“You have some that are so severely addicted that they are taking two and a half to three times as many required,” he said. “Now the addicts bounce around from doctor to doctor to fulfill their needs.”
Those who abuse the drugs often will commit fraud to feed the addiction.
“They’re going to the doctor and trying to get their pain medicine legitimately, but if they don’t get their opiate or hydrocodone (prescription), they will get a prescription for something else and alter it once they’ve left the doctor’s office, forging opiates such as hydrocodone to the bottom of the prescription,” Smith said.
Some addicts also will steal to get more drugs.
“While they’re in the doctor’s exam room, when the doctor or nurse is not present, they’ll go through all the cabinets looking for prescription pads they can steal and use for forged prescriptions,” Smith said.
Addicts also will steal medications from the homes of family and friends and burglarize residences where they know such drugs are located, according to Smith.
“We have seen increases in residential burglaries where no items are taken, just medications,” Smith said. “If they’re at the point were they’re breaking into houses, it’s to feed their own addiction. They’re trying to find some pills somewhere to satiate their own addiction.”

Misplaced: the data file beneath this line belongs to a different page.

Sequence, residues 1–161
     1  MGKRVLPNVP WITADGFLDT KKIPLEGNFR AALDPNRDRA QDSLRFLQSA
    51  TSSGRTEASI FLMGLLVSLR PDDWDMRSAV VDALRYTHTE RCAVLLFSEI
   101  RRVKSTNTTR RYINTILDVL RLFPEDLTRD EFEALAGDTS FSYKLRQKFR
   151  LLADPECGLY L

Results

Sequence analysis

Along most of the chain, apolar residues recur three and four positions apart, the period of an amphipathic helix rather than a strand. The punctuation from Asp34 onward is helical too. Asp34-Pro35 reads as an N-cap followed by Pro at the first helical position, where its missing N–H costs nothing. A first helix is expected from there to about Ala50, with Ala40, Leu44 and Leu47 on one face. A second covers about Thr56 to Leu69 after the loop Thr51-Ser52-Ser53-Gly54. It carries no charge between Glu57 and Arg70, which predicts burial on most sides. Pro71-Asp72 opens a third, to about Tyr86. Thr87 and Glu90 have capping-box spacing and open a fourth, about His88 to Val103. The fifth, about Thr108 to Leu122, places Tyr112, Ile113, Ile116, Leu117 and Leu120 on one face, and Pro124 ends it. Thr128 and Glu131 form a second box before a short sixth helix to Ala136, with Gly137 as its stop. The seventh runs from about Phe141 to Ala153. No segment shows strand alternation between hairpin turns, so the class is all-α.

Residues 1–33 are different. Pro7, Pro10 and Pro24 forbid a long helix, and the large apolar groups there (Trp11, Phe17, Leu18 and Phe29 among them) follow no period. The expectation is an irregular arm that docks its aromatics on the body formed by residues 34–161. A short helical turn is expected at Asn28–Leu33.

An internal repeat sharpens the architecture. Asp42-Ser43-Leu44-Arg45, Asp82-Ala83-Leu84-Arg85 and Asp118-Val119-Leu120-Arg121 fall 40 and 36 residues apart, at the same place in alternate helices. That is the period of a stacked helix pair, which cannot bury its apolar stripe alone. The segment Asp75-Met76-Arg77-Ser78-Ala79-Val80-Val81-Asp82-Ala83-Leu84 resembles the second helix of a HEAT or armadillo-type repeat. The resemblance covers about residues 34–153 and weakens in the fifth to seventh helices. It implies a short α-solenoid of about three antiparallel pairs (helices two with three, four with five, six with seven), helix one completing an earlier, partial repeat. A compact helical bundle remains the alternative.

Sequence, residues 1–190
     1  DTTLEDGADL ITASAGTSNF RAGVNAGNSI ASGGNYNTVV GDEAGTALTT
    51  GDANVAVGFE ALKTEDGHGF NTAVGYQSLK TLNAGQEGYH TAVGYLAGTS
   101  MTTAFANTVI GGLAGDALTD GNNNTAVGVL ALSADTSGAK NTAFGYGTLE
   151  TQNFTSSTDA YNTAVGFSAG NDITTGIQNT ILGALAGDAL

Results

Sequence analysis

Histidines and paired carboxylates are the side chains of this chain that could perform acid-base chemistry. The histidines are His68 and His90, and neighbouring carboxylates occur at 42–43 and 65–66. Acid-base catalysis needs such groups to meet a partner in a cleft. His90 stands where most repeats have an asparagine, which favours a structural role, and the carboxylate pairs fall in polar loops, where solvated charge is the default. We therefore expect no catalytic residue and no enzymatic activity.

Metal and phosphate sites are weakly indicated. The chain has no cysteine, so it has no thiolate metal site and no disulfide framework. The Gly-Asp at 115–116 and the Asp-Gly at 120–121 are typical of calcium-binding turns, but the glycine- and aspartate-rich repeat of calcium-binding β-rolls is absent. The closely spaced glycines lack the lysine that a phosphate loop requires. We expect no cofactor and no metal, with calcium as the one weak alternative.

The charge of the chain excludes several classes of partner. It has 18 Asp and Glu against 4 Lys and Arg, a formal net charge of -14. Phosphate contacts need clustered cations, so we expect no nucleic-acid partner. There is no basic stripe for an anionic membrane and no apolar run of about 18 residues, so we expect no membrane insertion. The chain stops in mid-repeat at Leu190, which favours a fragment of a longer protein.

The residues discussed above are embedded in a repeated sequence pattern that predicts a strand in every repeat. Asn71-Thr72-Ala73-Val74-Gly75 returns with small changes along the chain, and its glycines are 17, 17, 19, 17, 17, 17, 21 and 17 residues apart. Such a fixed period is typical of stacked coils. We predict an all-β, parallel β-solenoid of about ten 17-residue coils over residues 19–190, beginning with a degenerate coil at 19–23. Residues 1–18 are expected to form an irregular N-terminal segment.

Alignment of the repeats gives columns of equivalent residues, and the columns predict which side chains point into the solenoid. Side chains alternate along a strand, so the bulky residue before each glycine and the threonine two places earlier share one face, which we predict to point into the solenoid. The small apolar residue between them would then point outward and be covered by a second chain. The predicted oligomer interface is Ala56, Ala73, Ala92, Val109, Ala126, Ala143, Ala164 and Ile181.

Hammond and Lindsey agree that prescription drug crime is major problem.
“Used to, all you heard about in the media and in television was methamphetamine, but now the biggest problem we face is prescription drug abuse,” Hammond said. “A lot of people think because it’s prescribed by a doctor it’s OK, but the problem is that people don’t use them as prescribed and it’s readily available.”
Painkiller abuse is a significant threat to the community, Lindsey said.
“We have a lot of drugs that are imported such as methamphetamine and cocaine, but the prescription drug problem is here and right now and is growing throughout the region of Fort Smith,” Lindsey said. “We see a lot of it in our schools and other areas of the city.”
Lindsey said the Police Department devotes a lot of effort into investigating pain medication crimes.
Painkiller abuse also is an increasing problem for juveniles and young adults.
“The younger crowds, 16- to 20-year-olds, are also abusing Valiums and Xanaxes,” Smith said. “Kids are dying from these pills — they mix concoctions of pills and alcohol, (consume it), and it makes them tired and they fade off to sleep. They fade off into a deeper sleep and then into a coma and then eventually they die. It can happen as quickly as an hour or last two to three hours.”
Smith said Xanax, Valium and hydrocodone pills are stolen from the medicine cabinets of their parents or friends’ parents.
“(And) when they get a taste for it, they go out and try to find street dealers,” he said.
The most disturbing aspect of the prescription drug problem, Smith said, is 18- to 25-year-olds using syringes to inject Oxycodone.
“The OxyContin/Oxycodone was formulated for extended release,” he said. “When they crush the pill and liquefy it and inject it into their veins, they are getting an instantaneous high. It’s that euphoric feeling that they are after.”